The opinion of the court was delivered by: The Honorable R. Gary Klausner, U.S. District Judge
Present: The Honorable R. GARY KLAUSNER, U.S. DISTRICT JUDGE
Sharon L. Williams Not Reported
Deputy Clerk Court Reporter / Recorder
Attorneys Present for Plaintiffs: Attorneys Present for Defendants:
Proceedings: (IN CHAMBERS) Order Remanding Action to State Court
On September 30, 2011 Wayne Whitley ("Plaintiff") filed a complaint against Lawson Products, Inc. ("Defendant") alleging claims for 1) declaratory relief regarding status as employee, 2) declaratory relief regarding restrictive covenants, 3) unfair competition under California Business & Professions Code § 17200, 4) accounting, 5) failure to pay employee expenses, and 6) injunctive relief. Plaintiff served the complaint on Defendant on November 15, 2011.
On December 13, 2011, Defendant removed the action to this Court alleging jurisdiction on the grounds of diversity of citizenship. Upon review of Defendant's Notice of Removal, the Court hereby remands the action for lack of subject matter jurisdiction.
Pursuant to 28 U.S.C. § 1332, district courts shall have original jurisdiction over any civil action in which the parties are citizens of different states and the action involves an amount in controversy that exceeds $75,000. After a plaintiff files a case in state court, the defendant attempting to remove the case to federal court bears the burden of proving the amount in controversy requirement has been met. Lowdermilk v. United States Bank Nat'l Ass'n, 479 F.3d 994, 998 (9th Cir. 2007). If the complaint does not allege that the amount in controversy has been met, the removing defendant must supply this jurisdictional fact in the Notice of Removal by a preponderance of the evidence. Gaus v. Miles, Inc., 980 F.2d 564, 566-567 (9th Cir. 1992).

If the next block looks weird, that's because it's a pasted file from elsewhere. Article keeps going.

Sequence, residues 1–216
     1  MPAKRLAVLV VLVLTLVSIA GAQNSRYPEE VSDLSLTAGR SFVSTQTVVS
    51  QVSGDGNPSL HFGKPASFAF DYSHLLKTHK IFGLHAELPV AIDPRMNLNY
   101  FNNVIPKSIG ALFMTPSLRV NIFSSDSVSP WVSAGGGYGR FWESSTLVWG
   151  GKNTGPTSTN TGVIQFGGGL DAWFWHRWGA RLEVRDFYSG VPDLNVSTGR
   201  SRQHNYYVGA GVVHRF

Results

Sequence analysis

Plaintiff has alleged in his claims for accounting and for reimbursement of expenses that the amount in controversy is over $25,000. Defendant argues that each of these claims separately constitute $25,000 in damage and that the total, including attorneys' fees, must therefore be above $75,000. Defendant fails to consider that Plaintiff's claim for accounting and for reimbursement of expenses stem from the same set of facts. Even with the inclusion of attorneys' fees in the calculation, Defendant is no closer to carrying its burden because there is no basis for estimating that the attorneys' fees will necessarily be above $75,000. Accordingly, Defendants has failed to satisfy its burden that the amount in controversy meets the jurisdictional requirement.
UNITED STATES DISTRICT COURT CENTRAL DISTRICT ...